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Page 351 - Ay, now am I in Arden ; the more fool I : when I was at home, I was in a better place : but travellers must be content.
Page 454 - ... in the most classical taste. He is about five feet six inches high, slender and well made, but stoops considerably ; he looks at least ten years older than he is, owing to the great fatigues he underwent in his immortal campaign of Italy. His face is that of a profound thinker, but bears no marks of that great enthusiasm and unceasing activity by which he has been so much distinguished. It is rather, to my mind, the countenance of a mathematician than of a general. He has a fine eye, and a great...
Page 535 - Mr. Sheriff, proceed to the barracks, and acquaint the Provost Marshal that a writ is preparing to suspend Mr. Tone's execution, and see that he be not executed.
Page 266 - Well, England has not had such an escape since the Spanish Armada, .and that expedition, like ours, was defeated by the weather ; the elements fight against us, and courage is here of no avail.
Page 255 - I believe it is the first instance of an Admiral in a clean frigate, with moderate weather and moonlight nights, parting company with his fleet. Captain Grammont, our First Lieutenant, told me his opinion is that she is either taken or lost. and, in either event, it is a terrible blow to us. All rests now upon Grouchy, and I hope he may turn out well ; he has a glorious game in his hands, if he has spirit and talent to play it. If he succeeds, it will immortalize him.
Page 427 - English fleet was paralysed by the mutinies at Portsmouth, Plymouth, and the Nore. The sea was open, and nothing to prevent both the Dutch and French fleets to put to sea. Well, nothing was ready ; that precious opportunity, which we can never expect to return, was lost; and now that at last we are ready here, the wind is against us, the mutiny is quelled, and we are sure to be attacked by a superior force.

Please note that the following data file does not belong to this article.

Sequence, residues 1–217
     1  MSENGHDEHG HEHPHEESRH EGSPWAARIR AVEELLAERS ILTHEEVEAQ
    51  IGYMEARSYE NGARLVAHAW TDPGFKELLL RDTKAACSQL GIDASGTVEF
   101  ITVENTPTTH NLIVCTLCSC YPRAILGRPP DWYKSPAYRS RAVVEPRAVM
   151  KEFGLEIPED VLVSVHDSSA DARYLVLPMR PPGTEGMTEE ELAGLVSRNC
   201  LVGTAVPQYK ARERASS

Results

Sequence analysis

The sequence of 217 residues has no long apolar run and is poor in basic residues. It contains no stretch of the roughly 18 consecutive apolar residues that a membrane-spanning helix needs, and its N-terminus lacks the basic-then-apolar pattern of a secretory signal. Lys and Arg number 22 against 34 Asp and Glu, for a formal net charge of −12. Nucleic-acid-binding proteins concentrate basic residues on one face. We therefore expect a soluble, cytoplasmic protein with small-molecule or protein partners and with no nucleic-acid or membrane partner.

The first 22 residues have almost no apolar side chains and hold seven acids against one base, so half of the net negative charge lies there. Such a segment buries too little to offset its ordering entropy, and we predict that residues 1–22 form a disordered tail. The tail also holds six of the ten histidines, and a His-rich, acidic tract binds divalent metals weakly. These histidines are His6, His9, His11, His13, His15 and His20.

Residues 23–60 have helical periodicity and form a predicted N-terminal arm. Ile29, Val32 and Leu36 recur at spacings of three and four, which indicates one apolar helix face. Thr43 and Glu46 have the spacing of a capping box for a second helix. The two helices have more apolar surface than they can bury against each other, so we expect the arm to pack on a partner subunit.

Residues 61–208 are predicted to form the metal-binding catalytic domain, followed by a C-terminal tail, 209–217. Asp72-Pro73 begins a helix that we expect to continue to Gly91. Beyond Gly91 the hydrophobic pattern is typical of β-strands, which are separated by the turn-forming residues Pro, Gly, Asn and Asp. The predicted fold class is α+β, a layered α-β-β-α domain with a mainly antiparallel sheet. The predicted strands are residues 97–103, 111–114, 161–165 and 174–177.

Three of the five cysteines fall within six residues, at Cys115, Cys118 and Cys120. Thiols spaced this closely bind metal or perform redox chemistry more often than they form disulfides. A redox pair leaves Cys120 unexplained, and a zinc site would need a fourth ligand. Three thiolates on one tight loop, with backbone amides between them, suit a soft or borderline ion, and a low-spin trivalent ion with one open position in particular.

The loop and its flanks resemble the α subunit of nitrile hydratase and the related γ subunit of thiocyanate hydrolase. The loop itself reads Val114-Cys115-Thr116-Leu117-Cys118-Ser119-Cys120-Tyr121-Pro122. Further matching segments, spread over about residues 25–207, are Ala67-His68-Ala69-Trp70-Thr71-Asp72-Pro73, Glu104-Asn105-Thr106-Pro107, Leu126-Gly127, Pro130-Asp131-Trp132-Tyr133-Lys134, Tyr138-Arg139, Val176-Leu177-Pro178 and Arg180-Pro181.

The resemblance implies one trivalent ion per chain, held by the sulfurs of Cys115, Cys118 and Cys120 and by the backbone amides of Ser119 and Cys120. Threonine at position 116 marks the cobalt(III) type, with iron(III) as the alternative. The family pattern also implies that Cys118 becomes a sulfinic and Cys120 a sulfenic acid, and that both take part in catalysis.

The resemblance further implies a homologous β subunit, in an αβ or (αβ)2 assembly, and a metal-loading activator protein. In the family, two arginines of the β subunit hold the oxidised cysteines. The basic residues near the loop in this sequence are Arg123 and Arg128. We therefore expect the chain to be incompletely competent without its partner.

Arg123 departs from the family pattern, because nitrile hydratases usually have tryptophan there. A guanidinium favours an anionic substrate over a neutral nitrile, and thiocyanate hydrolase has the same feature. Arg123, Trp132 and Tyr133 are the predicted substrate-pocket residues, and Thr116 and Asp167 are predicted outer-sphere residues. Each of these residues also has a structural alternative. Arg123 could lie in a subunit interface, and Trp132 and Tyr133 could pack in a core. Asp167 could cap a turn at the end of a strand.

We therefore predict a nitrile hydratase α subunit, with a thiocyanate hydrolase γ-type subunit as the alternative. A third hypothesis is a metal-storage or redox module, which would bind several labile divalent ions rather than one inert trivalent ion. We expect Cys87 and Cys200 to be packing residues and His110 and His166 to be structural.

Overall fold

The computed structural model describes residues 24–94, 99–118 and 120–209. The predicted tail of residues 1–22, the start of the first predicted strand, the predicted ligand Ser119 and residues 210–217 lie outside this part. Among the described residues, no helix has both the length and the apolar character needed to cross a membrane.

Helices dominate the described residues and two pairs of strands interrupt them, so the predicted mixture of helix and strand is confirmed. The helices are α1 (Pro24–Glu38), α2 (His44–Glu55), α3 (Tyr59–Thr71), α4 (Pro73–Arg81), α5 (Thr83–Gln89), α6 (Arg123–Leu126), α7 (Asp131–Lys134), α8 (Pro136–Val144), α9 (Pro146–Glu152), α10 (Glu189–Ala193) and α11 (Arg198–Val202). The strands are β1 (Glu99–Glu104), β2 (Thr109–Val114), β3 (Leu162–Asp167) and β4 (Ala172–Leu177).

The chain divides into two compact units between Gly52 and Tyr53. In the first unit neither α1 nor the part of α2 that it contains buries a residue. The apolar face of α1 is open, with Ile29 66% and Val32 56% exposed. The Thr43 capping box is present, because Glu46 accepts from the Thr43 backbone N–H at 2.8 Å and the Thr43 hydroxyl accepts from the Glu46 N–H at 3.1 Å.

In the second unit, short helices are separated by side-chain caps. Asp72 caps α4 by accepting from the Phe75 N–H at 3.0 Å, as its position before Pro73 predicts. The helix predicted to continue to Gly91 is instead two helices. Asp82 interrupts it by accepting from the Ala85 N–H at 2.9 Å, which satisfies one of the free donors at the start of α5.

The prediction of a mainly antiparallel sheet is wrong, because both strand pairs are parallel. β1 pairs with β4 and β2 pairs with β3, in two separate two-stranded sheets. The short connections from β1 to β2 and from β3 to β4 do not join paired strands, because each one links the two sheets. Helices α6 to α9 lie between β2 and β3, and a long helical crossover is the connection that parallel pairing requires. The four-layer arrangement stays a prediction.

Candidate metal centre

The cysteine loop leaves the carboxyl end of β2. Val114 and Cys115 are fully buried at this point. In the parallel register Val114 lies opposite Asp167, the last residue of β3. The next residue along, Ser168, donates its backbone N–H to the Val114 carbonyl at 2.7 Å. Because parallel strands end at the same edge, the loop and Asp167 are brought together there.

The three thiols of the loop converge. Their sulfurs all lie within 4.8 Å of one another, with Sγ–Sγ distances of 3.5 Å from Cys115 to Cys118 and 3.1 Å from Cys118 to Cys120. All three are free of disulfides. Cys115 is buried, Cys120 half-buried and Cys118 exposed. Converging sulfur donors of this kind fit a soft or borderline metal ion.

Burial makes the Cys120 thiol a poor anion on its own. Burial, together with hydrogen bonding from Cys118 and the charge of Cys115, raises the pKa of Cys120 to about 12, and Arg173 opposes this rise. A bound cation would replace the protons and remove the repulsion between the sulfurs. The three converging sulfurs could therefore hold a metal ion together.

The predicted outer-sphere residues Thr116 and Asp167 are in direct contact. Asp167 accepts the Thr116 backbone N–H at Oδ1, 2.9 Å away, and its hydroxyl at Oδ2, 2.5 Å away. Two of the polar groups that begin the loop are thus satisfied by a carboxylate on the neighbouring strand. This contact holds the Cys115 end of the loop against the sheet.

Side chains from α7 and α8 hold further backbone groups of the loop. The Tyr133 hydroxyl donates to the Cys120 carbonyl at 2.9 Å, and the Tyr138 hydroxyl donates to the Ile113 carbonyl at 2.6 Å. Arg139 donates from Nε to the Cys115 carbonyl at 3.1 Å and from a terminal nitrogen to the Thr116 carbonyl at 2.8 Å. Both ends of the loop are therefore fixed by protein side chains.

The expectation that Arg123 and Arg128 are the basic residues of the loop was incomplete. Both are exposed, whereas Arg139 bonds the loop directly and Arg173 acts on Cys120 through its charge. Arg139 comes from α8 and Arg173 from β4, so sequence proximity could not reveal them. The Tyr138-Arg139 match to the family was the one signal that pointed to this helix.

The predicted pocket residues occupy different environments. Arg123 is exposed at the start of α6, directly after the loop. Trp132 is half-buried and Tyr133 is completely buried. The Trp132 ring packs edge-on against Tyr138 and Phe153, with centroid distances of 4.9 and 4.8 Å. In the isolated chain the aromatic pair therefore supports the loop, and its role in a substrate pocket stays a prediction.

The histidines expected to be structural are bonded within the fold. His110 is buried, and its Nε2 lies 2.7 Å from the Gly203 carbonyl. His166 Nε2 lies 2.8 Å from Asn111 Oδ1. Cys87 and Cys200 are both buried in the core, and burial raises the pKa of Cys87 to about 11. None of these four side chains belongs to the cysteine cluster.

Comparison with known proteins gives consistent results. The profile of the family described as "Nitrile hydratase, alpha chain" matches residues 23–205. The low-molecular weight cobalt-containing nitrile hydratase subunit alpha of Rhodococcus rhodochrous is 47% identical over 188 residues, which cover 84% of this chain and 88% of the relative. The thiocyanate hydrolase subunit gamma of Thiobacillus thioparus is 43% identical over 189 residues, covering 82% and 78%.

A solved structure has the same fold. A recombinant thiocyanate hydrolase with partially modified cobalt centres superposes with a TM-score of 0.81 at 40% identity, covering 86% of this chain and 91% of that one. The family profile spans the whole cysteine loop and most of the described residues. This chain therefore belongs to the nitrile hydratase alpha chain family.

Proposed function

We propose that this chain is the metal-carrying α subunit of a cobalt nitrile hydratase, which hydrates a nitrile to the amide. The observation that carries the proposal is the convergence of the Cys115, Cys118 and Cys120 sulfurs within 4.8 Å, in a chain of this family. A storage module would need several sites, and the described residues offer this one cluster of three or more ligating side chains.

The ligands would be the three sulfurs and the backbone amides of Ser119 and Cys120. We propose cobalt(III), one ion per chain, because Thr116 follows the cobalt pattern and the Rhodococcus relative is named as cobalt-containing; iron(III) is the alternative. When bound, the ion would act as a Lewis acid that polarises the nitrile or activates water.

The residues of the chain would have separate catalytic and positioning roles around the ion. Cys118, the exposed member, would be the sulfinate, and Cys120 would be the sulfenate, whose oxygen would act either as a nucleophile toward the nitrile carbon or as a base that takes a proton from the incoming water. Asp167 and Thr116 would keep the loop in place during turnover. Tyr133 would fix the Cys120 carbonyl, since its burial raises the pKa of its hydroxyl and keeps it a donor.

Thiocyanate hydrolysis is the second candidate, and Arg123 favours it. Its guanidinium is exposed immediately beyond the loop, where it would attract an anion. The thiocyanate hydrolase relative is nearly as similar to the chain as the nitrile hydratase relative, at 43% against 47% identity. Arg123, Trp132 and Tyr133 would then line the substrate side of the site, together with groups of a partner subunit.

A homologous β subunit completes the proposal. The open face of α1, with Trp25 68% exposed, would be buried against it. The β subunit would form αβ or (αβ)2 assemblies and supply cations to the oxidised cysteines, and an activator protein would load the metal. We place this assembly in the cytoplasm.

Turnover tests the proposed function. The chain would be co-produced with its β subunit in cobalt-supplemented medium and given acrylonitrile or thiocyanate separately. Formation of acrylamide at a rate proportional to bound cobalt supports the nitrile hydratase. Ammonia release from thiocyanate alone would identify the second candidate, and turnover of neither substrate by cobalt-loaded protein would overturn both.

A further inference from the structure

Page 456 - We have now seen the greatest man in Europe three times, and I am astonished to think how little I have to record about him. I am sure I wrote ten times as much about my first interview with Charles de la Croix, but then I was a greenhorn ; I am now a little used to see great men, and great statesmen, and great generals, and that has, in some degree, broke down my admiration. Yet, after all, it is a droll thing that I should become acquainted with Buonaparte. This time twelve months I arrived in...
Page 89 - I, for one, if it be in twenty years from this, promise not to forget it. My heart is hardening hourly, and I satisfy myself now at once on points which would stagger me twelve months ago. The Irish aristocracy are putting themselves in a state of nature with the people, and let them take the consequences. They show no mercy, and they deserve none. If ever I have the power, I will most heartily concur in making them a dreadful example, I am to meet Madgett on this business to-day ; but, see the consequences...
Page 153 - Undoubtedly," replied he, *' men will not sacrifice themselves, when they do not see a reasonable prospect of support ; but, if I go, you may be sure I will go in sufficient force.
Page 241 - Yet once, again! The conflagration of such a city as Bristol! It is no slight affair; thousands and thousands of families, if the attempt succeeds, will be reduced to beggary. I cannot help it. If it must be, it must; and I will never blame the French for any degree of misery which they may inflict on the people of England. .... The truth is, I hate the very name of England ; I hated her before my exile; I hate her since, and I will hate her always.